Nuclear workers appeal verdict quashing compensation for hazardous work
It's irrelevant that nobody has fallen sick yet, union argues in National court
Labor representatives are escalating the struggle to gain regular compensation for workers exposed to hazardous working conditions in the nuclear sector.
The labor committee of the Israel Atomic Energy Commission yesterday appealed a lower court ruling that quashed a motion for compensation. The appeal was filed jointly with the Histadrut labor federation, at the National Labor Tribunal.
Earlier the Be'er Sheva Regional Labor Court had rejected the request to order the IAEC management to enforce labor and safety laws.
The union claims that IAEC workers' safety is not assured as the law requires, and that they are exposed to dangerous materials, chemicals, and cancer-causing radiation.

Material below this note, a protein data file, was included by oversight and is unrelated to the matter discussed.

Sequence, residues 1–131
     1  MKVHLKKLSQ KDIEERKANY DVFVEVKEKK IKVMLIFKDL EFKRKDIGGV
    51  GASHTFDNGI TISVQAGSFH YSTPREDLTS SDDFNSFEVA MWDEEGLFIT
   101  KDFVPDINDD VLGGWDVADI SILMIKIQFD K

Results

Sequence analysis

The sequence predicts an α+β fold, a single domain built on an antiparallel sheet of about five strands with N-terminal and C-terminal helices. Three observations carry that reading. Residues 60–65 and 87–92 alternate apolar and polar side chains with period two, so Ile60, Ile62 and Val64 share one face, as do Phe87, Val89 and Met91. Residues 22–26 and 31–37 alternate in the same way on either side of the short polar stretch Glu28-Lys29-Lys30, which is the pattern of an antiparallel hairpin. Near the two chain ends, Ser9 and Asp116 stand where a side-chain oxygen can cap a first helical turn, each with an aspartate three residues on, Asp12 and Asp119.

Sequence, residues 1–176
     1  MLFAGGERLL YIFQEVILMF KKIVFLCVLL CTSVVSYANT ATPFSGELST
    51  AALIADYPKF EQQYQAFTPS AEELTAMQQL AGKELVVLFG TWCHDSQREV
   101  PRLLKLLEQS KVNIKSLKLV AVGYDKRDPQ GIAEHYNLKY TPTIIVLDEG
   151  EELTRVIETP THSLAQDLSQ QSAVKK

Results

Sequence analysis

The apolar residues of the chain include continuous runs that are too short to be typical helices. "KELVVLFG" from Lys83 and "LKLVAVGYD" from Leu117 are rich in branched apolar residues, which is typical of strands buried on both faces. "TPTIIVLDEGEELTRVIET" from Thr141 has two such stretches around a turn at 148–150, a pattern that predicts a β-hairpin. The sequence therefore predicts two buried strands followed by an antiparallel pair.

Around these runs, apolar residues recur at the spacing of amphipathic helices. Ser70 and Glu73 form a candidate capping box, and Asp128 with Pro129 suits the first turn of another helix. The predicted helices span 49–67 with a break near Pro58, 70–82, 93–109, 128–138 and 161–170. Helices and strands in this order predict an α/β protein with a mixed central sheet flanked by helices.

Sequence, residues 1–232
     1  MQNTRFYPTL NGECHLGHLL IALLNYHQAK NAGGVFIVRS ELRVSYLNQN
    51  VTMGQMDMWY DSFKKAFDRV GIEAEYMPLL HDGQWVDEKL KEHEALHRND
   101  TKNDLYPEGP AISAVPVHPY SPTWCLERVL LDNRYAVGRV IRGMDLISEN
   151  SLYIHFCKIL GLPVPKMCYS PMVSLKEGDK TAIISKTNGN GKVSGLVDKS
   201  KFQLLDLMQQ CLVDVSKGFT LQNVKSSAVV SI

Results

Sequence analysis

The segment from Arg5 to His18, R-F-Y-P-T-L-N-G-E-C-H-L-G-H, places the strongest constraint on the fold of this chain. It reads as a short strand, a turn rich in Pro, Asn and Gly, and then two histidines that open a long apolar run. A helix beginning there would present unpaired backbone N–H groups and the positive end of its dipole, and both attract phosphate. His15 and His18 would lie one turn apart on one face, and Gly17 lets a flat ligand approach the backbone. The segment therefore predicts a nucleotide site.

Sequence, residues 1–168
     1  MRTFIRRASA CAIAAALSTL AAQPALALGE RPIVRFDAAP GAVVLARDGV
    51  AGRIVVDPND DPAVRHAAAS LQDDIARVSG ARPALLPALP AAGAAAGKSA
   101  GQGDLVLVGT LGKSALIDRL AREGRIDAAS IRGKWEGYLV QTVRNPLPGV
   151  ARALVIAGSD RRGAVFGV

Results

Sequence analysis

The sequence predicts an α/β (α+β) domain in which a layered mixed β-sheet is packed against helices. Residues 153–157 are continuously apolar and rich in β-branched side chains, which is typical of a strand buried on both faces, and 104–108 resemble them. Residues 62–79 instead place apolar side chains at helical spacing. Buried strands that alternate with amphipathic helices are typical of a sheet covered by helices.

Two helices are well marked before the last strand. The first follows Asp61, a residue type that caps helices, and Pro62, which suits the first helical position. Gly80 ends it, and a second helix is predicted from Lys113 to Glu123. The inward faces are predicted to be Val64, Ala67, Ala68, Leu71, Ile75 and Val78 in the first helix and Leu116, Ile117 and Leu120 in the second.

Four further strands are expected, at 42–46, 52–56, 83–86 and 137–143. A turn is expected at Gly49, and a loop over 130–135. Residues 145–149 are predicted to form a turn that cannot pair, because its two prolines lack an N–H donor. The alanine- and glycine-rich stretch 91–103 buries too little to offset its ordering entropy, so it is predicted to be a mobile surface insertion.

The lower regional court had accepted IAEC's request to quash the lawsuit. The judge explained that the claim as to hazards is theoretical, because no one on the job has contracted cancer.
The appeal countered: "The fact that employees are healthy (save for one who is suffering from cancer) should not pose an obstacle. It's unacceptable that a worker should have to suffer harm to one's body for the gates of the labor court to open up before him."
The union's lawyer filing the appeal retorted that the regional court ignored workers' testimony that the IAEC is violating labor laws and that safety regulations are not being obeyed.
"If workers are denied the possibility of enforcing safety laws in their factory, leaving safety protection in the hands of the employer, the latter will make decisions based on economic considerations," the union claims.
The union said the suit is not a regular damage suit dealing with preventing harm to workers, but rather one meant to oblige the IAEC to comply with safety laws as well as to allow employees to demand and receive financial compensation for damages already suffered.
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